Rachel Charlotte Williams Biggs (c. 1763—1827) lived an incredible life in an age when the world was dominated by men. Joanne Major and Sarah Murden, dedicated historians and authors of several non-fiction books about the Georgian Age, have written an amazing biography about an extraordinary lady. In A Georgian Heroine: The Intriguing Life of Rachel Charlotte Williams Biggs, they uncover the bizarre but true story of Mrs. Biggs, who was a playwright and author, a political pamphleteer and a spy, working for the British Government. It’s a treat for me to present Sarah’s and Joanne’s post about Mrs. Biggs’ connection to the man who plotted to kill Napoleon.

The Plot of the Infernal Machine Continue reading

Attractive, Distinctive, One Size: The Military Uniform in the Late 18th Century

The uniform dress for the army became the norm in the mid-17th century. Styles and decoration depended on status and image of the troop, and the wearer of the uniform. In contrast to today’s camouflage, uniforms of the 18th and 19th centuries displayed bright and contrasting colours. The idea was to make it easier to distinguish units in battle, and to enable commanders to spot their troops on battlefields that often were obscured by smoke from cannons.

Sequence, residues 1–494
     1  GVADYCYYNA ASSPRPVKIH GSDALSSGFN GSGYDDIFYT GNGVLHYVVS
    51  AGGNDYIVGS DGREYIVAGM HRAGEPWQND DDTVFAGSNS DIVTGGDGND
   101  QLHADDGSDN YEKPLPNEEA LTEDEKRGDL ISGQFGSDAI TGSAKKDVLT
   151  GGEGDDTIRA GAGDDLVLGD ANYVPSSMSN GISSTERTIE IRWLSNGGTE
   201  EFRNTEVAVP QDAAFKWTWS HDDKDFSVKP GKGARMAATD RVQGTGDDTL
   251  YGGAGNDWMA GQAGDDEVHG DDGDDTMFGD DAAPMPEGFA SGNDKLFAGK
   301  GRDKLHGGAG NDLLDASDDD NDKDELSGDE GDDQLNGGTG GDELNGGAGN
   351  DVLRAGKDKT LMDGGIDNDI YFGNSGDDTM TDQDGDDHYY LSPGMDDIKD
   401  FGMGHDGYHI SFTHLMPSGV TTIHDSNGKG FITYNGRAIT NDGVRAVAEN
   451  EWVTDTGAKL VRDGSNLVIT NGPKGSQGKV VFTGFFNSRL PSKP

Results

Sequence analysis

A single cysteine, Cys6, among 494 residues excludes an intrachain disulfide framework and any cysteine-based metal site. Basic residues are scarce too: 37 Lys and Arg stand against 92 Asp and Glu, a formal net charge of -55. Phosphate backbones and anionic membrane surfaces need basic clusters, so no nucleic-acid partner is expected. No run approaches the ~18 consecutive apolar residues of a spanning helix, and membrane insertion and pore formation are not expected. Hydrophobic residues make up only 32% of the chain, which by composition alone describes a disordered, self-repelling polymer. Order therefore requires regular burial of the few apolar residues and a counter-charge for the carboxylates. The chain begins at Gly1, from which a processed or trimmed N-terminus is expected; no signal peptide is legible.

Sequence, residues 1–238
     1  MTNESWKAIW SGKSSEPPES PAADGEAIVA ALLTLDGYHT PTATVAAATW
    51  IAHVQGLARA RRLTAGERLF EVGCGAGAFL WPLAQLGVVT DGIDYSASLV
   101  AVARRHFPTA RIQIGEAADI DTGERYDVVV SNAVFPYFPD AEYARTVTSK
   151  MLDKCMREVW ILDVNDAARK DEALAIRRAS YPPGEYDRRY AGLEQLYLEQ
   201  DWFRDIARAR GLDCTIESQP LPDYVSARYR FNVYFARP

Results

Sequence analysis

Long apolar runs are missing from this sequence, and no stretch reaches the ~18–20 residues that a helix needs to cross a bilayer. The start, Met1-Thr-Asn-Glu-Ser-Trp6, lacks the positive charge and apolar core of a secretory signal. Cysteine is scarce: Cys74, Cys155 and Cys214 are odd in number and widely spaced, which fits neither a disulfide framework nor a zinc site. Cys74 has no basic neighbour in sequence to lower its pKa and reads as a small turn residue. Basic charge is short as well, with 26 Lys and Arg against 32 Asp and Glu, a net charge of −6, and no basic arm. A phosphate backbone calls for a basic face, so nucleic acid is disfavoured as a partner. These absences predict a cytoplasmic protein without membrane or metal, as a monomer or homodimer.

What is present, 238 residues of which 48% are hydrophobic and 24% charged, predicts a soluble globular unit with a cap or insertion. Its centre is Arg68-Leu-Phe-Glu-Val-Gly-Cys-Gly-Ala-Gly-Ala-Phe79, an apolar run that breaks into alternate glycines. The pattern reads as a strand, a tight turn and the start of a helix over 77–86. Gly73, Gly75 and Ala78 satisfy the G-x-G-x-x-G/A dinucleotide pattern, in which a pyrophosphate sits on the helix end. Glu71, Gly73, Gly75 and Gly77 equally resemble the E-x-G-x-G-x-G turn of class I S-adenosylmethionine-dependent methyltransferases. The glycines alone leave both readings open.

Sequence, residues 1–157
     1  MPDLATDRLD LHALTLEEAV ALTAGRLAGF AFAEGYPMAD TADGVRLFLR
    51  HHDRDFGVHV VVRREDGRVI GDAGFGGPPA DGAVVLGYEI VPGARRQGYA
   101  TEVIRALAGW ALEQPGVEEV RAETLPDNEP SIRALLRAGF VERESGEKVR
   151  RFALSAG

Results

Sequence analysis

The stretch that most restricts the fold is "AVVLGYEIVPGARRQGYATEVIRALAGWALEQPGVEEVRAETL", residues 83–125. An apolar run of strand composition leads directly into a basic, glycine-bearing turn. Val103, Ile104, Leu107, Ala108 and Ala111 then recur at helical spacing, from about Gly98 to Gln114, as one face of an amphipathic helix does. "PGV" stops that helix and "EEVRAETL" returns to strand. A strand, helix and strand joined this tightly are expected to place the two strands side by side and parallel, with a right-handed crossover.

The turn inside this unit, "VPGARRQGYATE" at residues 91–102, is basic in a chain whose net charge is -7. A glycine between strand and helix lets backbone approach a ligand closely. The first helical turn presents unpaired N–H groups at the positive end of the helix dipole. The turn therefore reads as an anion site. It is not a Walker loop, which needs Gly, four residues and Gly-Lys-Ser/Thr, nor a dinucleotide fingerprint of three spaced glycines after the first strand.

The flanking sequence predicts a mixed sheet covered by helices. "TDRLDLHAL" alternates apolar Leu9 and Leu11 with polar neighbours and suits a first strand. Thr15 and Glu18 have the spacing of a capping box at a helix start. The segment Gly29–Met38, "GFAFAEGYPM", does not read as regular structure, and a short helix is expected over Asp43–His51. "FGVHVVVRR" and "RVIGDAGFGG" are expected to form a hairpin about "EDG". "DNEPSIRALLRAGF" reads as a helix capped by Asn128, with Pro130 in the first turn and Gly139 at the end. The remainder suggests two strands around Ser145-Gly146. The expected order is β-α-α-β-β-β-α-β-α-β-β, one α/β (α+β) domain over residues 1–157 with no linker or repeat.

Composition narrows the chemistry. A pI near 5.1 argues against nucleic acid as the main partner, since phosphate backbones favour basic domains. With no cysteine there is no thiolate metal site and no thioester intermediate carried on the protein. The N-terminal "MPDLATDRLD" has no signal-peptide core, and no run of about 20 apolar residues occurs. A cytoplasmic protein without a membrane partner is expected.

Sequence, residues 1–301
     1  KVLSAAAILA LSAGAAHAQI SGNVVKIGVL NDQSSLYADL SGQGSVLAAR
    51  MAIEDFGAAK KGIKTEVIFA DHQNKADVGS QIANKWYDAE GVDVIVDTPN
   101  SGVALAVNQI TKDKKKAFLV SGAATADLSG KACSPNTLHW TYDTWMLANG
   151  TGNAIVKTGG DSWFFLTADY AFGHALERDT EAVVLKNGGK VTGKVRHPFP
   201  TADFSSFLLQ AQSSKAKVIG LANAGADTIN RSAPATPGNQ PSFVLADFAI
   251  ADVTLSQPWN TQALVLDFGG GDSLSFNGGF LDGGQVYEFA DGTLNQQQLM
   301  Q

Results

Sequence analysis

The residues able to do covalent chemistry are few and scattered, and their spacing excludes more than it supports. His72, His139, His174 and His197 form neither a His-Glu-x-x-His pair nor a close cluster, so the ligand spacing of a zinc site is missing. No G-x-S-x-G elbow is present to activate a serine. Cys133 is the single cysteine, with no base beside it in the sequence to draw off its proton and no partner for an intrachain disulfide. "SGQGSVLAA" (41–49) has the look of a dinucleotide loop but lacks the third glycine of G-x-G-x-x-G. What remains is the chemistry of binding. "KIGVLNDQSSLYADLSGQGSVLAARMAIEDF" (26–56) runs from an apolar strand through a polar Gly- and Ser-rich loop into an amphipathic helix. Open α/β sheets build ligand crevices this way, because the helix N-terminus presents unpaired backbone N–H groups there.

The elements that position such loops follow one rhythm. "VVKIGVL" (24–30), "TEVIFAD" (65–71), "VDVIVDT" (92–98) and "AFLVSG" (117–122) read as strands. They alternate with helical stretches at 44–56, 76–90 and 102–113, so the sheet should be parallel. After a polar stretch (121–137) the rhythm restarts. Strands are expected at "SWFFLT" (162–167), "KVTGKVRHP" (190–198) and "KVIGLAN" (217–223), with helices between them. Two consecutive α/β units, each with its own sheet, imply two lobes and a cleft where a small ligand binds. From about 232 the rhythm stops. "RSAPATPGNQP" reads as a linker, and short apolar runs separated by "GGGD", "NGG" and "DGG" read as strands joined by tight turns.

Uniforms for lower ranks

In the 18th century, uniforms for the lower ranks were often mass-produced. Uniforms usually had standard sizes and designs to make it easier to replace them on campaign. In Britain, troops were equipped with new uniforms once a year.

from left to right: infantry soldier (France, 1780); 95th rifles uniform (British, Peninsular Wars era)

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This is to the hero: Emma Hamilton`s ways to celebrate Horatio Nelson

It’s 1798. Admiral Horatio Nelson is on a mission to support the Neapolitan monarchy in Naples. He has already made a remarkable carreer, even if his greatest success is still to come. He is also marked by war: He has lost an arm and suffers from coughing spells. In Naples, he stays with the British Ambassador Sir William Hamilton, and his wife lovely Emma Hamilton.

A man on a mission falls in love

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Wellington: A Hero, His Earnings, and His Score on the Marriage Market